“California’s farmers and ranchers lead the world in innovation—producing amazing yields of fresh produce, dairy, and meats while decreasing water, fertilizer and pesticides use. AB 1016 is a bill in that spirit. It allows farmers better access to innovative technology to gain even more efficiency and safety.

2023-10-12T09:43:04-07:00October 12th, 2023|

California Farm Bureau Responds to Bay Delta Plan Report

California Farm Bureau President Jamie Johansson today commented on the California State Water Resources Control Board’s release of its Bay-Delta water quality control plan update staff report. The document, in the works since 2018, analyzes alternatives to maintain healthy ecosystems for fish.

 ‘“We want to thank Gov. Newsom for his continued leadership and commitment to using collaborative voluntary agreements between water users and public agencies to support water quality and fish populations throughout the Sacramento-San Joaquin Delta,” Johansson said. “Maintaining the health of the delta and protecting the viability of farming in that region are top priorities for Farm Bureau and are part of the state water board’s charge to balance and protect all beneficial uses of water.”

 In 2016, the state water board proposed updating the Bay-Delta Plan to require increased flows in delta tributaries to protect fish populations. California Farm Bureau has contended that such an action would provide limited benefits at best for fish while negatively impacting communities, water supplies, farms and the economy.

 A state water board staff report analyzed both that proposal and the voluntary agreements plan, known as the “healthy rivers” proposal. This alternative is supported by water agencies, cities, Farm Bureau and other agricultural groups. It includes targeted flow increases paired with habitat restoration, scientific monitoring and hundreds of millions of dollars in funding for implementation.

 “It’s long been clear that flow increases without other supportive actions won’t bring back fish. Utilizing voluntary agreements under the ‘healthy rivers’ alternative is California’s best opportunity to protect the future of the Delta watershed and those who depend on it,” Johansson said. “This plan would usher in a new era of collaboration, providing healthy ecosystems and water- supply reliability for millions of Californians.”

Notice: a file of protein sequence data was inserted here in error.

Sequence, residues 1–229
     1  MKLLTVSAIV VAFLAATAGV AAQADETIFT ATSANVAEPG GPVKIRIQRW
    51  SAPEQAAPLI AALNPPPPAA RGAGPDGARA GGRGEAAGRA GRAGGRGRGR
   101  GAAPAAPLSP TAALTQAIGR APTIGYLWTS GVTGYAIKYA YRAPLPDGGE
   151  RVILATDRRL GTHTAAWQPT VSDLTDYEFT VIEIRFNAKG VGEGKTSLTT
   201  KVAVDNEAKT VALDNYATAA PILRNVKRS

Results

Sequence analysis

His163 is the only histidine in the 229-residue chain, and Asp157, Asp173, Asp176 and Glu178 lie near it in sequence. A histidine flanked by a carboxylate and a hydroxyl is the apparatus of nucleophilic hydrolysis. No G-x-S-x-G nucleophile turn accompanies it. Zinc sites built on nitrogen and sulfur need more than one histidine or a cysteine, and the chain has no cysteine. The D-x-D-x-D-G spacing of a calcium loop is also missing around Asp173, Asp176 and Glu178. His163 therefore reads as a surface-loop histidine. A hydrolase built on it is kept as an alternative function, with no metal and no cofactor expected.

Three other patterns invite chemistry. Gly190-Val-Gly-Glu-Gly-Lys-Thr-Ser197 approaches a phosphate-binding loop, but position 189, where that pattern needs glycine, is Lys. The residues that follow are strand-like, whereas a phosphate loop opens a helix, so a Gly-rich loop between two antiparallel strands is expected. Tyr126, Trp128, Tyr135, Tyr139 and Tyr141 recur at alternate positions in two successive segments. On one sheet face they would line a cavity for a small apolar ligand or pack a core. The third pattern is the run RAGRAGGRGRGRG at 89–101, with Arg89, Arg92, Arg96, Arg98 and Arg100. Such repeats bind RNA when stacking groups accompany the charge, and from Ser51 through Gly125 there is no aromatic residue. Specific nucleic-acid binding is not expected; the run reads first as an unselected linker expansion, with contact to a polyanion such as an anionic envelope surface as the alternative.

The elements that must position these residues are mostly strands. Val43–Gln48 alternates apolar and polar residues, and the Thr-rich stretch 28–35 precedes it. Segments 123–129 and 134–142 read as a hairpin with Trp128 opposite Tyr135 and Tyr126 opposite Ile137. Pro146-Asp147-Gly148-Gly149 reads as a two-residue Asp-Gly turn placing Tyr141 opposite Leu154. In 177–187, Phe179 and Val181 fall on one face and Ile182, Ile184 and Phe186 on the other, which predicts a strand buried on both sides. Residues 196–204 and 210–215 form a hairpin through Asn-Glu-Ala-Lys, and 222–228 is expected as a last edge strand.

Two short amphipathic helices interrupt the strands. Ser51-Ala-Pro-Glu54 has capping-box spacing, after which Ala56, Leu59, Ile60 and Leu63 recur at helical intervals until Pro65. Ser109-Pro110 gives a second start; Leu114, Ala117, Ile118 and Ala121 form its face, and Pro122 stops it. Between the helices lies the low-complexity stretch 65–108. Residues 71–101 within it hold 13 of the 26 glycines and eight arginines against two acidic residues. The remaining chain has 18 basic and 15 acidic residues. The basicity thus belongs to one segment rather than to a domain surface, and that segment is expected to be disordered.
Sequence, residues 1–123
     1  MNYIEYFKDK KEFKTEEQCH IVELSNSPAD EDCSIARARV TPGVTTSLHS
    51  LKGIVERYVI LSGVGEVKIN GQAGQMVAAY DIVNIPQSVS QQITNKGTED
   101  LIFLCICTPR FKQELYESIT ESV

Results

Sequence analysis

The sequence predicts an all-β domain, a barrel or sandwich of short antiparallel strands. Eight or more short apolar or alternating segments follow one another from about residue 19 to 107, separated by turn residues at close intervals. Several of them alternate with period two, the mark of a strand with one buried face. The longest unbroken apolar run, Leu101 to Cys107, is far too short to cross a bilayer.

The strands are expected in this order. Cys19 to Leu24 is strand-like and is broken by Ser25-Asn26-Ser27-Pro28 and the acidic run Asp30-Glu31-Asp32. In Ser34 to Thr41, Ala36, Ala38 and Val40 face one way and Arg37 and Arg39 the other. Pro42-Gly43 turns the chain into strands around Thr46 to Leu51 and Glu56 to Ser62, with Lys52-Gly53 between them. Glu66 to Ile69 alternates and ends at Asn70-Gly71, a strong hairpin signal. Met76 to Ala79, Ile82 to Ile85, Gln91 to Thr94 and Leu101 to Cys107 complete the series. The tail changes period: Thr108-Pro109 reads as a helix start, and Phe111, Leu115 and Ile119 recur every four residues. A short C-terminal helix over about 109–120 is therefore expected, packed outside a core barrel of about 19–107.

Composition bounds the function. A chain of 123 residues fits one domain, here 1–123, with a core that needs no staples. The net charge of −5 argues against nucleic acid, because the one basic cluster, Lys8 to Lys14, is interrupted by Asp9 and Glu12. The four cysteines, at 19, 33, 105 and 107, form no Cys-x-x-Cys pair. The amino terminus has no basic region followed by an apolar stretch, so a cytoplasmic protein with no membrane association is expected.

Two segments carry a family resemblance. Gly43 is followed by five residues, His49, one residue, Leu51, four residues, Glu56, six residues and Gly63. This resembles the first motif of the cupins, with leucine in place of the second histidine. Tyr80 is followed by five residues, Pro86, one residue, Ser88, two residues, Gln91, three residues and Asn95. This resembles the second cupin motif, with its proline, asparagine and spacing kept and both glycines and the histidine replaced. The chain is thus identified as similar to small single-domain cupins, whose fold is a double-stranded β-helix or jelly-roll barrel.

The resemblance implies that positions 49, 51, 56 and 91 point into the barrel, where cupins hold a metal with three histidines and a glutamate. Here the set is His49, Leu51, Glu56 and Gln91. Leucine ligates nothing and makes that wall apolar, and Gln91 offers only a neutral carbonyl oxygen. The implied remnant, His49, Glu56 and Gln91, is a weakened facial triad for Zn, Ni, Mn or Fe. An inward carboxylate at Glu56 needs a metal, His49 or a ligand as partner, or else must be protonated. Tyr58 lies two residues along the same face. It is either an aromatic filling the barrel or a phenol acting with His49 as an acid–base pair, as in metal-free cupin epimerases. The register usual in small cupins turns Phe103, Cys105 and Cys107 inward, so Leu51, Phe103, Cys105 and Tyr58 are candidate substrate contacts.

Johansson added, “This document is the culmination of countless hours spent by farmers, ranchers, water board staff and other stakeholders. We are grateful to all of them for their work.”

 The California Farm Bureau works to protect family farms and ranches on behalf of nearly 29,000 members statewide and as part of a nationwide network of 5.3 million Farm Bureau members. 

2023-09-29T14:27:42-07:00September 29th, 2023|

California Farm Bureau statement on passing of Sen. Dianne Feinstein

From California Farm Bureau President Jamie Johansson:

“Our hearts are heavy at the California Farm Bureau over the passing of Sen. Dianne Feinstein. Sen. Feinstein was a fearless champion for California. Her willingness to be a bipartisan, rational voice in seeking real solutions knew no bounds, as she tackled issues from forest stewardship in the Sierra Nevada to helping farm communities in the Central Valley. Sen. Feinstein was a steadfast supporter of the Golden State’s critical agricultural sector and her unwavering faith in the people of California was her greatest quality. Those of us in California agriculture will miss her leadership and friendship. We offer our deepest condolences to her family.”

The California Farm Bureau works to protect family farms and ranches on behalf of nearly 29,000 members statewide and as part of a nationwide network of 5.3 million Farm Bureau members. 

2023-09-29T14:25:34-07:00September 29th, 2023|